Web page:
Beware of floating point numbers
Outside of a scientific or engineering context, the use of float and double (and the corresponding wrapper classes Float and Double ) should likely be avoided. The fundamental problem is that rounding errors will always occur when using these data types - they are unavoidable.
In a typical business application, using float and double to represent money values is dangerous, because of these rounding issues. Instead, BigDecimal should usually be used to represent money. It is also a common practice to have utility classes like “MonetaryAmount.java” that are wrappers over “BigDecimal” class of the JDK and that provides helper methods and functionality as needed by the business application.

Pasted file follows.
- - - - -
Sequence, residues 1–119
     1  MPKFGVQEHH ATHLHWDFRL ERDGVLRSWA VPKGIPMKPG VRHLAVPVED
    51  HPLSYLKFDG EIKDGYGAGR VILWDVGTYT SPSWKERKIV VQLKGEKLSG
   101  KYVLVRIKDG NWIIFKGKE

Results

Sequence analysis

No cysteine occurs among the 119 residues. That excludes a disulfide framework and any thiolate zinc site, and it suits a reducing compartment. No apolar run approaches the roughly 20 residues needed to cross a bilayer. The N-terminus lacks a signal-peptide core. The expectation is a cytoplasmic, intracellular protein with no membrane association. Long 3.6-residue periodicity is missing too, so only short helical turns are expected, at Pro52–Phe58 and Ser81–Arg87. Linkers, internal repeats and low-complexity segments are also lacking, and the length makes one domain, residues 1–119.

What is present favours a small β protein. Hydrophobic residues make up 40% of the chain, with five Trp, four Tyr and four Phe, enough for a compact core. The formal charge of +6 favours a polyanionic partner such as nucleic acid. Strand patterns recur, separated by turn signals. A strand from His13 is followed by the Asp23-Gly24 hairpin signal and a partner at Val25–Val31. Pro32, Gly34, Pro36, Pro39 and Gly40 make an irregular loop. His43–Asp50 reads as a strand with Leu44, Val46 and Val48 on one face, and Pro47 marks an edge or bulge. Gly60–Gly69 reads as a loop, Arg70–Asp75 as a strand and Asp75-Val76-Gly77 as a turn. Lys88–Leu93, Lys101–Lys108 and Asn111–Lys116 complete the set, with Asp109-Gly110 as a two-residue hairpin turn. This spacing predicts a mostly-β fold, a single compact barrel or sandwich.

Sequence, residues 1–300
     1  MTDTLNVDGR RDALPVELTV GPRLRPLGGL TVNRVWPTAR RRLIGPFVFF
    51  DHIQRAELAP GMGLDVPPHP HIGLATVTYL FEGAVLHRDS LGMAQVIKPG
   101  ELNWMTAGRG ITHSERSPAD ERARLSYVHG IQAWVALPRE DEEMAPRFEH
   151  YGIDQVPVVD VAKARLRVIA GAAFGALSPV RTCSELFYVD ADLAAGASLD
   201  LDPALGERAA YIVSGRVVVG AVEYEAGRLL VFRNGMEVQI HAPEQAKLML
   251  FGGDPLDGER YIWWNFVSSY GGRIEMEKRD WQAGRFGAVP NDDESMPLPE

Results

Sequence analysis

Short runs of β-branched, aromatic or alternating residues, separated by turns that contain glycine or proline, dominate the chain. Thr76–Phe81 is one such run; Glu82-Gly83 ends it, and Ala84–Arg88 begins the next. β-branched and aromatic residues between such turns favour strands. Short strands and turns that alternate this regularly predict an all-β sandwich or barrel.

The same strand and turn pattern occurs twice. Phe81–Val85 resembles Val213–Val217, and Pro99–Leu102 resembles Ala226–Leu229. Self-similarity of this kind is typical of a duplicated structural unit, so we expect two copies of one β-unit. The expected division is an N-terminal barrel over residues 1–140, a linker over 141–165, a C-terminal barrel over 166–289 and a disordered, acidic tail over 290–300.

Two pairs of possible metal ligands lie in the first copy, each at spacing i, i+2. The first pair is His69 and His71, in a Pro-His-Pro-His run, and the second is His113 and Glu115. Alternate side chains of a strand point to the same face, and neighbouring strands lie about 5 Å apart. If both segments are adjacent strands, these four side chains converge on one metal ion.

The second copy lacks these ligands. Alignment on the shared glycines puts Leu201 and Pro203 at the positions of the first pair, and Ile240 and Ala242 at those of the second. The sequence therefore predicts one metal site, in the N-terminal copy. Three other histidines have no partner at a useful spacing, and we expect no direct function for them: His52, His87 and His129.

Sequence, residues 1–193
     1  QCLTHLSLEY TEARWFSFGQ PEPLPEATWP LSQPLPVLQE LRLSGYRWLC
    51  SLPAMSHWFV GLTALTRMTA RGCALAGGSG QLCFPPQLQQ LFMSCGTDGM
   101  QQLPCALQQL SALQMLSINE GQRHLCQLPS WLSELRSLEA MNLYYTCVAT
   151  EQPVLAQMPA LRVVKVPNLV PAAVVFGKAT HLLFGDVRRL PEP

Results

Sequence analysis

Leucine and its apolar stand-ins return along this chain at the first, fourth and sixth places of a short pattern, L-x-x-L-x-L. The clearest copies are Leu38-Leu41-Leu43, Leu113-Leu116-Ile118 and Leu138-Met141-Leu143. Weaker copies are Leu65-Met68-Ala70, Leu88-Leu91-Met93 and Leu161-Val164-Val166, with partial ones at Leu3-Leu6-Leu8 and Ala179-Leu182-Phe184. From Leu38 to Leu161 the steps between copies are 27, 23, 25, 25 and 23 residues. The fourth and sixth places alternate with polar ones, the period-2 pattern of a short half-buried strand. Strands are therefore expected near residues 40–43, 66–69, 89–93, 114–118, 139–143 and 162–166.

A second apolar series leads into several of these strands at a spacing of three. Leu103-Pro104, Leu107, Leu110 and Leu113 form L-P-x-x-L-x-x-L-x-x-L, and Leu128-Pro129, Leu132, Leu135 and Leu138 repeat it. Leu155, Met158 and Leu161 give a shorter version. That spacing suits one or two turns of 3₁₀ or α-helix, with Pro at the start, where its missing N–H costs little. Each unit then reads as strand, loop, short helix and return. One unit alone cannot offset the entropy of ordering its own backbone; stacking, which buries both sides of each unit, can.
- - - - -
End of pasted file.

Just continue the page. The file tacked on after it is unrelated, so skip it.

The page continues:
From an IBM article on this topic :
“…binary floating-point arithmetic should not be used for financial, commercial, and user-centric applications or web services because the decimal data used in these applications cannot be represented exactly using binary floating-point.”
From an article by Brian Goetz :
“…it is a bad idea to use floating point to try to represent exact quantities like monetary amounts. Using floating point for dollars-and-cents calculations is a recipe for disaster. Floating point numbers are best reserved for values such as measurements, whose values are fundamentally inexact to begin with.”
|Linked data based integration|
|New Date and Time API in Java8|
|Re-platformig this blog to Wintersmith|
|Improving code quality in agile teams|